‘American Gods’ Pushes All The Buttons (TV REVIEW)

[rating=9.00] “A Murder of Gods”

“Which came first, the gods or the people that believe in them?”

For a show that’s entire premise is about a coming conflict between old, forgotten gods of the past and the new, revered gods of our culture’s present, it was inevitable that Jesus would be making an appearance. Considering he takes many forms in the source material, it was certain to come up, despite the show’s (welcome) diversions from Gaiman’s text. But having him appear as a Mexican to a group of immigrants while they’re being fired upon by a group of border vigilantes — and being gunned down in the process — was more than a little bit shocking, even in light of the point it was making.

Back in the main storyline, Shadow (Ricky Whittle) is still wrapping his head around what happened last week, when the new gods showed up and made their pitch to Mr. Wednesday (Ian McShane): a rebranding of his deification, better suited to the modern world. A chance to join the new gods at their side, avoid war and find new life as a weapon of mass destruction.

Enter Vulcan (Corbin Bernsen), the one-time god of fire and forge, who now finds himself the ringleader of a small, gun-centric town, whose sole industry is making firearms. After a factory worker leans against a railing and falls to his death in a pit of molten metal, Wednesday and Shadow descend upon a parade held in his honor — complete with a hail of bullets fired into the air.

Wednesday greets his old friend, who seems willing to join him by his side in the coming war. He even invites them back to his home, adorned with taxidermy and weapons in every nook and cranny, and offers his old friend a drink. But, consciously denies offering one to Shadow, making no effort to hide his racist motivations for doing so.

Despite his selective welcoming, Wednesday asks Vulcan to make him a weapon, a blade to have at his side when the war comes. Despite Vulcan’s obvious preference for bullets, he does as he’s asked, forging a large, ornate sword in the heart of his factory. It’s only after he hands the blade to Wednesday that he reveals his double-cross. It’s the new gods that have made him who he is today, rebranded the god of fire into the god of firepower, and replaced volcanic sacrifices with purposefully faulty railings. All capped off with his own name adorned on every bullet that leaves the factory — including the one that pierced the heart of Jesus in the episode’s opening segment.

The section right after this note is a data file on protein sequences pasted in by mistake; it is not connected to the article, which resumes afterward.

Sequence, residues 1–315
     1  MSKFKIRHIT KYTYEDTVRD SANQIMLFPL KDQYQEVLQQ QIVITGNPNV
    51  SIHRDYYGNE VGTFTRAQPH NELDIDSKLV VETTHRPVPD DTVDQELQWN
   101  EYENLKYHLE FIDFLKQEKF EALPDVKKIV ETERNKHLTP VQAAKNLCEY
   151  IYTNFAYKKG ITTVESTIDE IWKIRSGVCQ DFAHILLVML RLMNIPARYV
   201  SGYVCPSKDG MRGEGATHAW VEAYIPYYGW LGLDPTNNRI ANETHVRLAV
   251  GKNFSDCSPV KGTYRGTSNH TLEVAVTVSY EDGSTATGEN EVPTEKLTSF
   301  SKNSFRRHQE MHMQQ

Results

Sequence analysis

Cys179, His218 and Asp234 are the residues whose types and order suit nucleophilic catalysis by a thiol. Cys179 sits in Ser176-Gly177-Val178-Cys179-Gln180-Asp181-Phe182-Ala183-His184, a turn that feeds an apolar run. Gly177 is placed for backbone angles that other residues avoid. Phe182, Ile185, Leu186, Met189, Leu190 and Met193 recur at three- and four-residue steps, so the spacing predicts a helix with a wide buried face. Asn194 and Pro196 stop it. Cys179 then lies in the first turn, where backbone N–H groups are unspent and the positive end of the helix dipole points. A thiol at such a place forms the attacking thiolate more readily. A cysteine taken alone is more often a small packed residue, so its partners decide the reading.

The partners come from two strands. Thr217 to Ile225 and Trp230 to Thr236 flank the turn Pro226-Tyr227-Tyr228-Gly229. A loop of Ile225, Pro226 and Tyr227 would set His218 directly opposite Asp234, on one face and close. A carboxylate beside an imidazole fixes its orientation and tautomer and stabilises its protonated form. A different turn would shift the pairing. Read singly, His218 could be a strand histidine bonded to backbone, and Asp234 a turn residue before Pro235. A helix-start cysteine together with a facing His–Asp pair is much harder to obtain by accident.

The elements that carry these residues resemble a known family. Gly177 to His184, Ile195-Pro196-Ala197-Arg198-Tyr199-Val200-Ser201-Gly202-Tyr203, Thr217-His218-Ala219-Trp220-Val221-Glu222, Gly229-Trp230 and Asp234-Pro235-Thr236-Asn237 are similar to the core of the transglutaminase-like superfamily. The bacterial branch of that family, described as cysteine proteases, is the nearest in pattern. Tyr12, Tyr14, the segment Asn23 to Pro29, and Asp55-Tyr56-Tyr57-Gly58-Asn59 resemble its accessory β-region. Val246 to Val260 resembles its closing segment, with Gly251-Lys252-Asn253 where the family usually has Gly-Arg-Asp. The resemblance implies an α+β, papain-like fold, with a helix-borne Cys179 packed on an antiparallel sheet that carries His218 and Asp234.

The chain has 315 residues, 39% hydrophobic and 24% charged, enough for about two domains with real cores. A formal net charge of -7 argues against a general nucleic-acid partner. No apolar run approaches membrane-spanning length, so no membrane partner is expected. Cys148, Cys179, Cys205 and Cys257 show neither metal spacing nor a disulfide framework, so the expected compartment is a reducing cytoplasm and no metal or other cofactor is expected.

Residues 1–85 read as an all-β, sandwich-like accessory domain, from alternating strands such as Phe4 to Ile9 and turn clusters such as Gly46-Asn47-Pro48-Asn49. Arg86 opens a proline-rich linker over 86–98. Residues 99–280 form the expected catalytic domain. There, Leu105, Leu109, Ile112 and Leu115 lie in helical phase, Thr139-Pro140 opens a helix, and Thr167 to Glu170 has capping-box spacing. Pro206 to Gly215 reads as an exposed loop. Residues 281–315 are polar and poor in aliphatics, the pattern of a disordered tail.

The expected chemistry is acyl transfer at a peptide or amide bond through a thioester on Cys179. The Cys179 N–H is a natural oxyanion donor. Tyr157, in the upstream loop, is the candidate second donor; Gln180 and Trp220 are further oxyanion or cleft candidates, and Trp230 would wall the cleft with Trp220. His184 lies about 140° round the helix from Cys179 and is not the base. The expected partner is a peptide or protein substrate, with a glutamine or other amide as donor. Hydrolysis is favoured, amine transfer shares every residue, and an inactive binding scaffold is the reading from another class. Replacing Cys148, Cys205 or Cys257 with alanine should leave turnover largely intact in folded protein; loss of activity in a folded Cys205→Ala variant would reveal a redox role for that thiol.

It’s the first real surprise of the show’s narrative, now in its sixth episode, one that also lets us see the practicality of the new gods’ sales pitch. No longer at risk of being forgotten, he’s re-deified with a new purpose in today’s modern, gun-obsessed culture. “I was a story people forgot to remember to tell,” Vulcan explains, rationalizing what he calls his neutral stance on the coming war. “Every bullet fired in a crowded movie theater is a prayer in my name,” he goes on as the show continues its fearless critique of modern-day America.

“And that’s how you franchised your faith,” says Wednesday, who keeps the surprises coming when he abruptly beheads his one-time friend, who then falls into his own molten pits like so many mortals had before him. Wednesday doesn’t stop there, of course, as he curses “the whole fucking thing” by urinating into the same molten pit, while we see a repeat of the same bullet-producing montage shown earlier in the episode. Just with a bit more foreboding this time around.

Elsewhere, Mad Sweeney (Pablo Schrieber) and Laura (Emily Browning) agree to hit the road together in an unlikely alliance in the event of overlapping goals. While trying to steal a taxi, they’re stopped by Salim (Omid Abtahi), who ends up joining their mini-crusade.

It’s with the three of them that the episode ends, on a peaceful, tranquil road at sunrise, with Salim praying. It was an abrupt about-face from the heavy-handed violence that dominated the episode before it, a conscious reminder that at its core, religion is a source of peace for the majority of those who practice it.

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